Last week, Jeff Passan wrote a column on espn.com about MLB’s free agency and why it is imperative for baseball to fix its free agency processes/procedures ASAP. I like Jeff Passan; I almost always read his reports in their entirety when I run across them; I learn a lot from them. Regarding last week’s offering on the “broken” free agency system, I must politely offer dissent. Here is the opening paragraph of that column:
“On this, the 97th day of free agency, four days before the first pitchers and catchers report to spring training, less than six weeks ahead of Major League Baseball opening its regular season, the two best free agents in more than a decade remain unemployed. This is not a black eye for baseball. It is a ruptured spleen, a punctured lung and a lacerated kidney.”
Fortunately, the metaphors employed here stopped short of imminent fatalities… The “problem” with MLB free agency – if there is one – comes down to intransigence on both sides of the negotiations. If the players/agents have a fixed set of parameters in mind and the GMS have a fixed set of parameters in mind, there will never be any agreement if both sides refuse to budge. It takes both sides to make a deal and both sides will have to be willing to live with the deal once it is made; that second condition argues against any type of coercive action to “get a deal done”.
The column states that players are wary of the clubs’ intentions to reign in salaries; OK, I believe that. The column states that MLB is embarrassed that two young star players remain unemployed as Spring Training begins; maybe this is true and maybe not. The column also states that:
“Fans are rightfully tired of waiting and guessing. Intrigue has evolved into annoyance.”
That is where I get off the train. If indeed the fans are tired of waiting and guessing, let me suggest that the source of that fatigue is not the fault of the players or their agents or the teams. The wellspring of that weariness is the huge over-abundance of “reports” written by baseball writers since the end of the World Series about where either Bryce Harper or Manny Machado was going to sign. Baseball writers beat this to death; resuscitated it; and then bludgeoned it to death again. Either with no real sources at all – or with hugely uninformed sources at best – multiple dozens of writers have bombarded baseball fans with those sorts of “insider information” to the point that I cease to read past any headlines any more. My fatigue is real; my fatigue was brought on by the journalists and not the players or the GMs.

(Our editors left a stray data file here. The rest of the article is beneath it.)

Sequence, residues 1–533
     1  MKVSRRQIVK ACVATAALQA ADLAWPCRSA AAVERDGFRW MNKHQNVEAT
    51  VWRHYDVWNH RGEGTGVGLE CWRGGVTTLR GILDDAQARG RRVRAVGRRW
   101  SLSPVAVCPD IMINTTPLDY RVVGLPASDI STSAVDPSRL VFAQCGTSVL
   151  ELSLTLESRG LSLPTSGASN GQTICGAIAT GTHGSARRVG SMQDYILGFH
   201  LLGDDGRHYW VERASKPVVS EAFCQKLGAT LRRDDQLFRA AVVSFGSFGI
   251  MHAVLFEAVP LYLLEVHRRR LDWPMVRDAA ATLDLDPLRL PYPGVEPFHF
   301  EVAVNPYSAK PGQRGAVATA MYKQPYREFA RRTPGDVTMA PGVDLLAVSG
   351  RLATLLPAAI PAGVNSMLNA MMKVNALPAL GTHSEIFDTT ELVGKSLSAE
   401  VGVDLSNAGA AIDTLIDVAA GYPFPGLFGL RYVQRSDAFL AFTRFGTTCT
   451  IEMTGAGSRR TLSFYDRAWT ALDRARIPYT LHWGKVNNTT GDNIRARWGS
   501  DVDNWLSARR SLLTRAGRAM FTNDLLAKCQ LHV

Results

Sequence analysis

Please follow this link to read Jeff Passan’s column in its entirety; it has some good insights there, but I do not believe that there is a palpable danger to baseball lurking in the last two winter’s of free agency – – unless both sides decide to go to the mattresses when the current CBA expires in 2021.
Having said all that, let me offer up a really radical idea that might make future winters of free agency less like winters of our discontent [H/T to William Shakespeare]. My suggestion contains two provisions; one of them has been anathema to the MLBPA for over 40 years; the other continues to be anathema to baseball’s owners. Here it is in simple English:
- Point #1: Institute a salary cap – a hard cap – for every MLB team. I don’t know what the number is, but some smart business analysts can figure that one out. I can hear the gasps and the cries of chest pains emanating from the MLBPA offices all the way down here in Curmudgeon Central.
- Point #2: Institute a salary floor – a hard floor – for every MLB team. I don’t know what this number is either, but I am confident that some smart business analysts can come up with it. Moreover, what the salary floor will require is a real and robust system of revenue sharing among the teams so that the “small market teams” can stay afloat while they also incur payrolls in the region between the floor and the ceiling. I am sure that idea is as welcome a turd in the punchbowl at the next owners’ meeting.
My point here is that the “problem” is resolvable by itself but if it is truly existential, then it is going to take something about as radical as what I have proposed here. Until you start reading those sorts of suggested “solutions” to the free agency problem, do not buy into the dystopian future that is predicted.
After months of speculation – that stretched back to last year’s trade deadline – the Marlins got a deal they liked for catcher, JT Realmuto, and sent him to the Phillies for a catcher and two minor league pitching prospects. With Realmuto leaving South Florida, the dismantling of what was a young and building Marlins team when new owners rode into town is complete. Last year, Giancarlo Stanton, Christian Yelich and Marcel Ozuna were auctioned off; now Realmuto is gone too.
Given that all four of the very good Marlins’ players sent off in trades were young players, what is the point of the team stockpiling “prospects”? History shows that once the “prospects” prove to be capable major league players, they get traded away for more “prospects”. The Marlins drew a total of 811,104 fans to their 81 home games last year; that is about 350,000 fewer fans than the next lowest draw in MLB. At least some part of those dismal numbers can be attributed to the personnel strategies exhibited by the team.
Finally, since today was devoted to baseball, consider this comment from Bob Molinaro in the Hampton Roads Virginian-Pilot:
“For what it’s worth: Free-agent signee and former Colorado Rockies reliever Adam Ottavino will be the first Yankee to wear No. 0, also making him the only current Yankee to wear a single digit. But, then, he’d have to be. It’s the only single jersey number the Yankees have not retired. Maybe future generations of Yankees should consider wearing fractions on their backs.”
But don’t get me wrong, I love sports………